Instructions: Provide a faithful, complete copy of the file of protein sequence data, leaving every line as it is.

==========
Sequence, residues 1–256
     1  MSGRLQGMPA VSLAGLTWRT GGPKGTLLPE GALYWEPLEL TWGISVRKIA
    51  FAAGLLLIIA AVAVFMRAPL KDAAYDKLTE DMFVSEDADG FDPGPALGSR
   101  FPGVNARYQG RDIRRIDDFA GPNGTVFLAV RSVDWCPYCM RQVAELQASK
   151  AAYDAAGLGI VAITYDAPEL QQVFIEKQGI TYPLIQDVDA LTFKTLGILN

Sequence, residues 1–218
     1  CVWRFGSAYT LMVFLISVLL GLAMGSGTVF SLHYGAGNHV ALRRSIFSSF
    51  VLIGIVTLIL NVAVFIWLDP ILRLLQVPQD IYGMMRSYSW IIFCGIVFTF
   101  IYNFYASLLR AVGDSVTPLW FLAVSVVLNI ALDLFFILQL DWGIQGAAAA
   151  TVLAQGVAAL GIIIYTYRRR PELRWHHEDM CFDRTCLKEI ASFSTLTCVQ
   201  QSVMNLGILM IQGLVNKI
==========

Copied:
Sequence, residues 1–256
     1  MSGRLQGMPA VSLAGLTWRT GGPKGTLLPE GALYWEPLEL TWGISVRKIA
    51  FAAGLLLIIA AVAVFMRAPL KDAAYDKLTE DMFVSEDADG FDPGPALGSR
   101  FPGVNARYQG RDIRRIDDFA GPNGTVFLAV RSVDWCPYCM RQVAELQASK
   151  AAYDAAGLGI VAITYDAPEL QQVFIEKQGI TYPLIQDVDA LTFKTLGILN

Sequence, residues 1–218
     1  CVWRFGSAYT LMVFLISVLL GLAMGSGTVF SLHYGAGNHV ALRRSIFSSF
    51  VLIGIVTLIL NVAVFIWLDP ILRLLQVPQD IYGMMRSYSW IIFCGIVFTF
   101  IYNFYASLLR AVGDSVTPLW FLAVSVVLNI ALDLFFILQL DWGIQGAAAA
   151  TVLAQGVAAL GIIIYTYRRR PELRWHHEDM CFDRTCLKEI ASFSTLTCVQ
   201  QSVMNLGILM IQGLVNKI